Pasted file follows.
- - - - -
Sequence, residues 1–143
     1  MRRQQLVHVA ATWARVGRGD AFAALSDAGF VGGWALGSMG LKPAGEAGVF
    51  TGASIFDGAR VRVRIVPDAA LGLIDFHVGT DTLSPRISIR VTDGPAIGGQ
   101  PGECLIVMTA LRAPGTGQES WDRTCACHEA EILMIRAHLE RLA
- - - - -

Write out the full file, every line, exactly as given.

Sequence, residues 1–143
     1  MRRQQLVHVA ATWARVGRGD AFAALSDAGF VGGWALGSMG LKPAGEAGVF
    51  TGASIFDGAR VRVRIVPDAA LGLIDFHVGT DTLSPRISIR VTDGPAIGGQ
   101  PGECLIVMTA LRAPGTGQES WDRTCACHEA EILMIRAHLE RLA